Which celebrities or heads of state have you served there?
Mick Jagger, Prince, Robert De Niro and Dustin Hoffman, to name but a few. Woody Allen has a keen interest and knowledge in wine; his taste has evolved from Bordeaux to Burgundy over time. Elton John, who ordered a bottle of Louis Roederer’s Cristal, was extremely charming. In just one week, we had a visit from Bill Clinton, who drank a 1988 Château Margaux, and from Boris Yeltsin, who drank a 1990 Chambertin Clos de Beze. Of the two, Yeltsin drank the most.
In just one week, we had a visit from Bill Clinton and from Boris Yeltsin. Of the two, Yeltsin drank the most.
Some French sommeliers complain that restaurants in Paris mark up wine by as much as five or six times the buying price…
Managing prices is a difficult daily task. We try to keep prices down, but it’s hard to explain why we are selling wine cheaper than they could be sold at auction. Some customers ask to buy a case of wine to take home with them, but I know it’s not to drink themselves – it’s to sell them on at higher prices.
I gather there was an accident with an 1811 Chateau Lafite Rothschild, which was once the oldest wine in La Tour d’Argent cellar. What happened?
A cellar assistant was up a stepladder and knocked the bottle to the ground, smashing it. He didn’t have to pay for the wine, but I had great difficulty explaining the damage to Claude Terrail [Tour d’Argent’s then owner]. The 1811 vintage from the Year of the Great Comet was known to be a wine of exceptional quality. I daren’t think what it was worth [so-called Comet Vintages occur after comets are seen and in winemaking lore are reckoned always to be exceptional: 1811 is one of the most legendary. In 2007 a bottle of 1811 Lafite fetched €36,000 at Christie’s Los Angeles].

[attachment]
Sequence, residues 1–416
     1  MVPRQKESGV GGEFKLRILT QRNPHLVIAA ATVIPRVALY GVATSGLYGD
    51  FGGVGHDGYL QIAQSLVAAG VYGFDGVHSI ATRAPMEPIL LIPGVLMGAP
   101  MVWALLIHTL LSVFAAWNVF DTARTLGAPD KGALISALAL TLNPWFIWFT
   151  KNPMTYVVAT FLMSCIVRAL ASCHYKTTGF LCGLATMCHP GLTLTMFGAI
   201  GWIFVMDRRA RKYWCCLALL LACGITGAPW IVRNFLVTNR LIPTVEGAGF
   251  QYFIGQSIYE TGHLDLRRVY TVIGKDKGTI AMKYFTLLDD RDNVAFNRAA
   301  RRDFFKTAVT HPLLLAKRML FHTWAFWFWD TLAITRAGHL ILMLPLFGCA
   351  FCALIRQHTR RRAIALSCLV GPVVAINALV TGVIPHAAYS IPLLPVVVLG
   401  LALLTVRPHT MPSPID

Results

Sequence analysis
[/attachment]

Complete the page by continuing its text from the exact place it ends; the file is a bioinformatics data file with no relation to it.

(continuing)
You joined La Tour d’Argent in 1981 after moving to France from Britain. The management initially kept it quiet that you were British. Having now lived in France longer than in Britain, do you feel more French or British?
Until now, I never really wanted to obtain French nationality. There was no need. But now [with Brexit] I am dying to do so, but it has become a very lengthy process because so many people are applying for French nationality.
The word is that you are about to retire. Is this true?
I no longer do the restaurant service – I am rather bored of people spending the whole evening on their smartphones rather than talking to each other – however, there is no date set for my retirement.
If you had to choose five favourite wines and their vintages what would they be?
The pleasure of wine lies in its diversity. Choosing wines depends on what you are eating, your mood, where you are, how you feel and the atmosphere. If I had to, I would choose reds or whites from my go-to region, such as the 1985 vintage Côte de Beaune in Burgundy. Any Champagne from the Grand Cru villages of Chouilly and Cramant, aged 10 years in the bottle, would be marvellous. As Claude Terrail always said: ‘There is no party without Champagne.’